I think you have just described 90% of the UW Astro grads.

    (Note that I think this is a good thing.)

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  • http://mingus.as.arizona.edu/~bjw/ Ben

    Regarding the writing papers and giving talks stuff: Science is a group enterprise. If you do great work but can’t communicate your results to anyone, it’s like you didn’t do it. That said, there are two more things:

    (1) Writing and giving talks are skills that you learn just like doing physics problem sets is a skill, only they’re open-ended and require initiative. Before you’ve learned them well, you’ll be uncomfortable with them; that’s normal. Grad students don’t like giving talks because they have to get up in front of profs and might embarrass themselves. Okay, but they have to learn to get over that. Talking in front of grad-student-only audiences is a good way to do that.

    (2) It is sort of possible to do science without writing papers and giving talks. You can work in a research group on a project that somebody else directs, in a more technical capacity: writing software, building instruments, doing lab work, and so on. You won’t be independent or self-guided. But even then, you’ll find that you may have to write internal reports, give talks within the group, and so on. You can’t be an effective research professor or PI if you don’t write papers, proposals, and grants, and give talks.

  • http://www.msco.com/blog mark stevens

    I agree with your views about becoming successful. Don’t just stick to one road because there are many other roads that will take you there.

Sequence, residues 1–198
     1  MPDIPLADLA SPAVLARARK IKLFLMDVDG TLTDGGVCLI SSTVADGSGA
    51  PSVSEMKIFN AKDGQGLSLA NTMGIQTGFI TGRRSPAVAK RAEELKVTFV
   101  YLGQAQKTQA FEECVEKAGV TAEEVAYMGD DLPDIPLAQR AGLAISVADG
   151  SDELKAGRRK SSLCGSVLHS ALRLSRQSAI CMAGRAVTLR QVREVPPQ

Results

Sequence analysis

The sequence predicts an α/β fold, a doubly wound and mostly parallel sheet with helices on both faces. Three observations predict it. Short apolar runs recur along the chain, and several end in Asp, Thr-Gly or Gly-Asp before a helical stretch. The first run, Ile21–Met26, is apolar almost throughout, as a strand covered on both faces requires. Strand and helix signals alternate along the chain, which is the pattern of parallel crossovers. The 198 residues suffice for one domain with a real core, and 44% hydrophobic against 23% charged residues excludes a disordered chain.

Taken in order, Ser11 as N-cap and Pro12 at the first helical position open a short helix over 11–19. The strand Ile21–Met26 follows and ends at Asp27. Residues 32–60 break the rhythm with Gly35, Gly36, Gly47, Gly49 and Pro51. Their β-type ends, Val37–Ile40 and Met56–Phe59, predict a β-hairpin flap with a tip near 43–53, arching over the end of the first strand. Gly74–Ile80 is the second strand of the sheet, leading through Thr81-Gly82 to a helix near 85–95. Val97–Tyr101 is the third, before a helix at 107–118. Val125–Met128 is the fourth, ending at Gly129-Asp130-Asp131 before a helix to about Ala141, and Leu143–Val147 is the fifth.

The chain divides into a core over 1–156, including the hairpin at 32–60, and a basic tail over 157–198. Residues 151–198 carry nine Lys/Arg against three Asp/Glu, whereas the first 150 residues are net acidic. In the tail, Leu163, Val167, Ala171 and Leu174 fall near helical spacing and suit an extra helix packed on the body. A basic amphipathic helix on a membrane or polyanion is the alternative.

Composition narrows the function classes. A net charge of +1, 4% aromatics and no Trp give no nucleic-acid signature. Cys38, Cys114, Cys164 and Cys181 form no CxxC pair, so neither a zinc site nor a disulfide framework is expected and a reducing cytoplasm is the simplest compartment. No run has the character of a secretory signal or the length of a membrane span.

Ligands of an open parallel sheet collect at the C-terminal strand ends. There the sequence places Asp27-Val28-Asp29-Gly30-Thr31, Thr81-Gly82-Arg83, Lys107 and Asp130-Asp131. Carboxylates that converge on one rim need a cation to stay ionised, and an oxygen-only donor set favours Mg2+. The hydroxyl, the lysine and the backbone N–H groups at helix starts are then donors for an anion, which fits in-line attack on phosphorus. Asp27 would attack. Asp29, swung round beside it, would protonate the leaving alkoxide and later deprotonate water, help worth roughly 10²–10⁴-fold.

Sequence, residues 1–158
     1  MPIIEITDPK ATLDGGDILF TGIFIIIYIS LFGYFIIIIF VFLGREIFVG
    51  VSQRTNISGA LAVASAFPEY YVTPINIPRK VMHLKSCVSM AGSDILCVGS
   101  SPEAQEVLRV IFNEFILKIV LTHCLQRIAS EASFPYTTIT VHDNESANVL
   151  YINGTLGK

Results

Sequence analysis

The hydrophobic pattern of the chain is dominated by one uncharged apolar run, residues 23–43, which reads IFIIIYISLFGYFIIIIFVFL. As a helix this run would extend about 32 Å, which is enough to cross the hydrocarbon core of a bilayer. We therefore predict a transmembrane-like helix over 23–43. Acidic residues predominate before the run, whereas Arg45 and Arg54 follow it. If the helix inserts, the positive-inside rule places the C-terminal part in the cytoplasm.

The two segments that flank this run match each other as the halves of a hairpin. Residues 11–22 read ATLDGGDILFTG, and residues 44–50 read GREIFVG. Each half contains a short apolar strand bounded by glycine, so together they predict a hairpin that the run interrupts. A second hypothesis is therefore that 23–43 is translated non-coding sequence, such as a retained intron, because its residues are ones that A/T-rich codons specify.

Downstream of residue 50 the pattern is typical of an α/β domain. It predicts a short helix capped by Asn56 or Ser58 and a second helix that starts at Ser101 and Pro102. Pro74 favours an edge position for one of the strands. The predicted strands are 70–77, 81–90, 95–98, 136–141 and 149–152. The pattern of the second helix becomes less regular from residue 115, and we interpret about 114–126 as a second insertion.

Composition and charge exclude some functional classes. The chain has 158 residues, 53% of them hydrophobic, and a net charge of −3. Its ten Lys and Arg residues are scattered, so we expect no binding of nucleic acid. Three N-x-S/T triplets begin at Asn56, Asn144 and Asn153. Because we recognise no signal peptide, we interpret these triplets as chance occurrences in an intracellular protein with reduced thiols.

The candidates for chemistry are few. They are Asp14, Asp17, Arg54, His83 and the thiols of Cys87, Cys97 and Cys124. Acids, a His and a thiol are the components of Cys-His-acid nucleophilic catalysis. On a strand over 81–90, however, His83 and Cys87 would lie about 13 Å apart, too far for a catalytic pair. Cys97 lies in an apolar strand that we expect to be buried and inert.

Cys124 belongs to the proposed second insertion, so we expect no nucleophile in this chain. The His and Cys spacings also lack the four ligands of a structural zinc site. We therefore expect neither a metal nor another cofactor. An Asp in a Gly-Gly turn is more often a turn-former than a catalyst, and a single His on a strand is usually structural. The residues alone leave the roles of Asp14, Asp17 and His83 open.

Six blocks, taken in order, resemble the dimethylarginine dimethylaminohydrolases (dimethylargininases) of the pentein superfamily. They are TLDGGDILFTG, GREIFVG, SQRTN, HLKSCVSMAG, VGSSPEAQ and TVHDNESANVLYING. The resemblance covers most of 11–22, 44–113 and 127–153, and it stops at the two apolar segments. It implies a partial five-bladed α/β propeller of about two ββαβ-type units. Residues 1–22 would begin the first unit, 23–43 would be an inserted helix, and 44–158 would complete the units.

-Mark

  • Marvin

    The purpose of a scientist is to write ‘good’ papers. Where ‘good’ means papers that solve(try to solve) well-motivated problems, are well-researched and contribute to the quest of understanding nature.

  • amused

    Another piece of advice (which I had to learn the hard way): don’t underestimate the importance of personal relationships. A common theme in pretty much all the cases I know of where people succeeded in academia, and which came through repeatedly in various events I attended where folks who had made it in academia told us how they did it, was that they all had wonderfully supportive relationships with their phd advisors and postdoc mentors. And how to achieve such relationships? Well, as best I can tell, the trick is to make yourself useful to these people and work for the greater glory of their research programs. Make them feel that you are continuing their academic lineage. Don’t start going off in directions of your own! Developing your own research program can be fun and personally satisfying, but to get good postdoc jobs, and even more so for getting a faculty job, it is crucial that you have the strong support of influential senior people, and generally you won’t get this unless they have something personal at stake in whether you suceed or not. Don’t be so naive as to think that you can make up for the absence of such support by publishing papers on your own in PRL or doing other things to justify your own research program. People might say nice things about it, but the bottom line is that if they don’t have anything personal at stake in it then they won’t really care what happens to you.

  • Count Iblis
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  • Jeff

    Wish I had read this in grad school. Would have been useful. Or rather, wish I had had an advisor who spoke the truth to me like that. I think I just didn’t quite “get it” about how grad school worked and how important it was choosing an advisor, etc… Good tips for the next generation Sean.